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Discussion Starter · #1 ·
I understand not using the biggest chainring with the biggest cog ring, and vice-versa, but can someone help me understand the non-extremes, and middle gear ratios where I would be cross-chaining?


Thanks

EDIT: I have a double crankset not a triple...
 

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You've got it

Nick09 said:
I understand not using the biggest chainring with the biggest cog ring, and vice-versa, but can someone help me understand the non-extremes, and middle gear ratios where I would be cross-chaining? I have a double crankset not a triple...
You essentially have it. On some setups, the chain rubs on the inside of the large chainring when you are on the small ring and the 2nd smallest cog on the cassette and so you should avoid that combination as well. Otherwise, big-big and small-small are not good gears. Note that lots of people occasionally use the big-big (just to crest a hill and avoid shifting the front) without any problems. It's just not a gear to ride in a lot. Small-small is almost always to be avoided because of the chain rubbing on the chain ring, and often the rear derailleur not supplying enough tension on the chain.

For reference, see: Andy Schleck, 2010 TdF, stage 15. :)
 

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Discussion Starter · #3 ·
So... Bigger chainring and 2nd largest cog ring and down are okay? And Smaller chainring and 3rd smallest cog ring and up are okay? Sounds like this kinda limits what gears you ride...
 

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Nick09 said:
So... Bigger chainring and 2nd largest cog ring and down are okay? And Smaller chainring and 3rd smallest cog ring and up are okay? Sounds like this kinda limits what gears you ride...
What you're describing here is ok, but as one example of how you can get the same results two ways:
Let's say you have a 53/39 front and 12-25 rear. When you're in the 53-23 combo you're not really cross chaining, but a similar ratio can be attained by shifting to the 39-17 combo and will straighten your chainline some. As Kerry mentioned, there's nothing wrong with occasional big/ big cross chaining, but if you're cruising for a length of time, it's better to choose a gear combo that allows for a straighter chainline.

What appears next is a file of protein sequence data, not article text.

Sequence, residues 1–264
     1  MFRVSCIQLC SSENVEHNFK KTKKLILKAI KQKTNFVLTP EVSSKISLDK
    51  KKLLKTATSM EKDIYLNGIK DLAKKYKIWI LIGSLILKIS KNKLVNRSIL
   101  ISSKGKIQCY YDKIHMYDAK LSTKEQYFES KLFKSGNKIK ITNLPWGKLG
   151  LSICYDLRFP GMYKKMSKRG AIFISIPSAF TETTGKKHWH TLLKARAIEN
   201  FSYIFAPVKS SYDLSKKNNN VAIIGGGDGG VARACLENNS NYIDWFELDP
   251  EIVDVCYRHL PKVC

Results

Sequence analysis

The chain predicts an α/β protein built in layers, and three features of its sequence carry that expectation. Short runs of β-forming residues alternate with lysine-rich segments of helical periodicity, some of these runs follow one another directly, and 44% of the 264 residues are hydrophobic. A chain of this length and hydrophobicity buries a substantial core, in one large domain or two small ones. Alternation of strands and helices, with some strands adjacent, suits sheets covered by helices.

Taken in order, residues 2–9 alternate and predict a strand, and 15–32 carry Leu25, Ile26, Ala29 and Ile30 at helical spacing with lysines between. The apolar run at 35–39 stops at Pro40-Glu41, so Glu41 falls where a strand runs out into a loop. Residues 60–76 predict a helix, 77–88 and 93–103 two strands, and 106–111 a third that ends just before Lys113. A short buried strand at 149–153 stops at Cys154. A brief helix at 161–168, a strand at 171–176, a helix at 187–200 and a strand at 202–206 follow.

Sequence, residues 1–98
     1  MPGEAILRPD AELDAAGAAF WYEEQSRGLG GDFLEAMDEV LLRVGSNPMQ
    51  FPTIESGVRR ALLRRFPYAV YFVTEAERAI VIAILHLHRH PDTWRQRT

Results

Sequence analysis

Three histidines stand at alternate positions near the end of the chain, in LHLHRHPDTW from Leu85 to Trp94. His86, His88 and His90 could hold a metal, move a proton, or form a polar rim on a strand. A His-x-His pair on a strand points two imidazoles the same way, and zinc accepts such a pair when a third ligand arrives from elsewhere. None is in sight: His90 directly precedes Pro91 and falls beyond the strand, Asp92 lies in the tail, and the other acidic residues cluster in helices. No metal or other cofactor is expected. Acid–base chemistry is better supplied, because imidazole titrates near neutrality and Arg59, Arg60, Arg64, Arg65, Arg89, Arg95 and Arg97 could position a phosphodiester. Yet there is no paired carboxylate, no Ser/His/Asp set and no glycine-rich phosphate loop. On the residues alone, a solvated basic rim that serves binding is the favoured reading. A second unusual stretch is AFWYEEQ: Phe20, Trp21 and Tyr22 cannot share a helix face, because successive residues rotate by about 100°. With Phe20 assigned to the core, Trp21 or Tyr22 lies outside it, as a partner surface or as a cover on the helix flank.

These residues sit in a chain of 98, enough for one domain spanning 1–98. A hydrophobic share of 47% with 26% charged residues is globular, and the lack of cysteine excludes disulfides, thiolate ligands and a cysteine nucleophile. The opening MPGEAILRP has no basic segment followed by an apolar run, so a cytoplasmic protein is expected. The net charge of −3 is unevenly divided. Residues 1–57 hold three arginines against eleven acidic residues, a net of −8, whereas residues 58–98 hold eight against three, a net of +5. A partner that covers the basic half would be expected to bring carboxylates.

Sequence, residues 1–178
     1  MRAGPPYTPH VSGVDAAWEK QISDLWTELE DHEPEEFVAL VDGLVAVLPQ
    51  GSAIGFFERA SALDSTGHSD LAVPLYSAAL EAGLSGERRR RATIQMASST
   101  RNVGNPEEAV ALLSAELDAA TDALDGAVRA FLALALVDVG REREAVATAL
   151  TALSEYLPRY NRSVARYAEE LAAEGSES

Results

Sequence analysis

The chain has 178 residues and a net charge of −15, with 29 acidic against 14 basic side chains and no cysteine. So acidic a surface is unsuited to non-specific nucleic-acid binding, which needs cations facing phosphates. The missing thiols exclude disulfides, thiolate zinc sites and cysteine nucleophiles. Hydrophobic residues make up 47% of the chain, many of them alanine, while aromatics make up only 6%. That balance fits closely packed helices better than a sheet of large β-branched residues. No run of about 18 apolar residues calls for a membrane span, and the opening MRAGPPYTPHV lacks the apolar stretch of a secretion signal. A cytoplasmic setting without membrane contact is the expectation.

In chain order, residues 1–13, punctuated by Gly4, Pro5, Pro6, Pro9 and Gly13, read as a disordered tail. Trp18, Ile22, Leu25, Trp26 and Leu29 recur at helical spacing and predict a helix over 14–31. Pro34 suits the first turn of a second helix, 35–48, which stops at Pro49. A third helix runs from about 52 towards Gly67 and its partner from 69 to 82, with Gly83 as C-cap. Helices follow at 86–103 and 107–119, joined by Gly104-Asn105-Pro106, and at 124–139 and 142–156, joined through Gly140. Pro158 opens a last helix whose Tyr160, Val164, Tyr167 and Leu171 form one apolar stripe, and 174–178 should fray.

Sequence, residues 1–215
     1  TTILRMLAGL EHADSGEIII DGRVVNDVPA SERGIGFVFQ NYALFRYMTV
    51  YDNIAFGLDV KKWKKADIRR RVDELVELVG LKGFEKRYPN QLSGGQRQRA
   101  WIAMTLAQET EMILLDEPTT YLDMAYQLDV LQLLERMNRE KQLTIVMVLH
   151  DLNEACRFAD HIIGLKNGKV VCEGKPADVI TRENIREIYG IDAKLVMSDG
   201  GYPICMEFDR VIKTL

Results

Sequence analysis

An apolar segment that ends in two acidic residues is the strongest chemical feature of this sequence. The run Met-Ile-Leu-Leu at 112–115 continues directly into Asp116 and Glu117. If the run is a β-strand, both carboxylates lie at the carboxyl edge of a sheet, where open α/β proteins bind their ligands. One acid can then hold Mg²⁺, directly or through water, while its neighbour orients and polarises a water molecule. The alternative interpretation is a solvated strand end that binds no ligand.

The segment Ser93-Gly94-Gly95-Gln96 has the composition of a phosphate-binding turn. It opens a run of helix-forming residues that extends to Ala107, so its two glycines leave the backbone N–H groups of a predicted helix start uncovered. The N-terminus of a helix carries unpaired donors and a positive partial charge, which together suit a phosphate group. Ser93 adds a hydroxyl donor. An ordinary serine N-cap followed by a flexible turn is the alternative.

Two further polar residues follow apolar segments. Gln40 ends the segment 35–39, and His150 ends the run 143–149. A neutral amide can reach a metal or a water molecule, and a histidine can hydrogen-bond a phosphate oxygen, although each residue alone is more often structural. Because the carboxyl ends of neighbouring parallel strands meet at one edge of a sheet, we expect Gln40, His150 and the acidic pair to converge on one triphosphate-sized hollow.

Here's a gear calculator that may help you see what combos are available for your drivetrain.
http://sheldonbrown.com/gears/
 

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Try to make your front gear changes while you're in the middle of the rear cluster. There's no reason to be in the big ring up front and 2nd biggest gear in back.

Aside from dropping the chain, jumping to the big gear will usually take more force and will seem to grind. When you run the chain crossed, it really speeds up wear on the chain.

When I know I'm going to climb, I'll switch to the small ring up front and move it cross chained in back, but I'll only be cross chained for a little while.
 

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Nick09 said:
So... Bigger chainring and 2nd largest cog ring and down are okay? And Smaller chainring and 3rd smallest cog ring and up are okay? Sounds like this kinda limits what gears you ride...
These are exactly the limits I use for what I'll run for more than a minute or two.
 
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